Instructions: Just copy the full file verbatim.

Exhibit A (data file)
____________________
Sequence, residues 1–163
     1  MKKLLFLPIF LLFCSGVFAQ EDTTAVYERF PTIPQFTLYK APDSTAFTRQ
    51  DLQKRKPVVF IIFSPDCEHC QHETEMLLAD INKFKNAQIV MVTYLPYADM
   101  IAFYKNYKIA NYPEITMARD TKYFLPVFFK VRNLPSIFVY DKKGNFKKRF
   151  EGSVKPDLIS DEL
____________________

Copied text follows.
Sequence, residues 1–163
     1  MKKLLFLPIF LLFCSGVFAQ EDTTAVYERF PTIPQFTLYK APDSTAFTRQ
    51  DLQKRKPVVF IIFSPDCEHC QHETEMLLAD INKFKNAQIV MVTYLPYADM
   101  IAFYKNYKIA NYPEITMARD TKYFLPVFFK VRNLPSIFVY DKKGNFKKRF
   151  EGSVKPDLIS DEL